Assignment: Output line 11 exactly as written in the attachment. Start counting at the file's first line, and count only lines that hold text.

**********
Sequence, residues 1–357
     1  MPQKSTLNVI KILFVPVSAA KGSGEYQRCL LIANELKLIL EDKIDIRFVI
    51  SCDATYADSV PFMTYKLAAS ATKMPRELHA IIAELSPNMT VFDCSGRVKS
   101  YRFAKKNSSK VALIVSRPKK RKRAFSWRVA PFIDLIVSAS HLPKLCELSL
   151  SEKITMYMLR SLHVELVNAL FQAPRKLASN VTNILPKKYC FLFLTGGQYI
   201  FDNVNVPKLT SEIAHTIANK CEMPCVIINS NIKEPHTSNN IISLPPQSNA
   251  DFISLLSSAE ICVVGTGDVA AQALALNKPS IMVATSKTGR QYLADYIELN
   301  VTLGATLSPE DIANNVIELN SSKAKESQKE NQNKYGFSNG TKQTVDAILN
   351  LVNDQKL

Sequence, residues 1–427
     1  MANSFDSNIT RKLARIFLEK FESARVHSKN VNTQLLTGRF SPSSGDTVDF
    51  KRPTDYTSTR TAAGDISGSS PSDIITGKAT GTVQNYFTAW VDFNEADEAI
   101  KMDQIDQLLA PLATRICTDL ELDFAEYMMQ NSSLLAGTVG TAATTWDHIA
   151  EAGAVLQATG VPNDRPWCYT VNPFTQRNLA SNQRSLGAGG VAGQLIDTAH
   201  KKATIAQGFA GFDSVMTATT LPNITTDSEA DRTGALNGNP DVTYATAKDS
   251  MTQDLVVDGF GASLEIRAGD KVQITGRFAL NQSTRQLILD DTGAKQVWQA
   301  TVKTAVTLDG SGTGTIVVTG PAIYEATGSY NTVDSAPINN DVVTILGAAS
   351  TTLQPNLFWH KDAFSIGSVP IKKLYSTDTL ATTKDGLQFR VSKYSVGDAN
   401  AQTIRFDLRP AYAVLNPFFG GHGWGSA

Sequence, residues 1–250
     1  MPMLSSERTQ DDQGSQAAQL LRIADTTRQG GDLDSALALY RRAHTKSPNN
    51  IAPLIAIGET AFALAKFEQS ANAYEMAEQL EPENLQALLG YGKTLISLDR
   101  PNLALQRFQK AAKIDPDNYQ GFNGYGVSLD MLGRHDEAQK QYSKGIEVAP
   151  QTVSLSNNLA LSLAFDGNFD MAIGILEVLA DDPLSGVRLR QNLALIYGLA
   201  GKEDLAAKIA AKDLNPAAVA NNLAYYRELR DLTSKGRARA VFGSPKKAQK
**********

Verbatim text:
     1  MANSFDSNIT RKLARIFLEK FESARVHSKN VNTQLLTGRF SPSSGDTVDF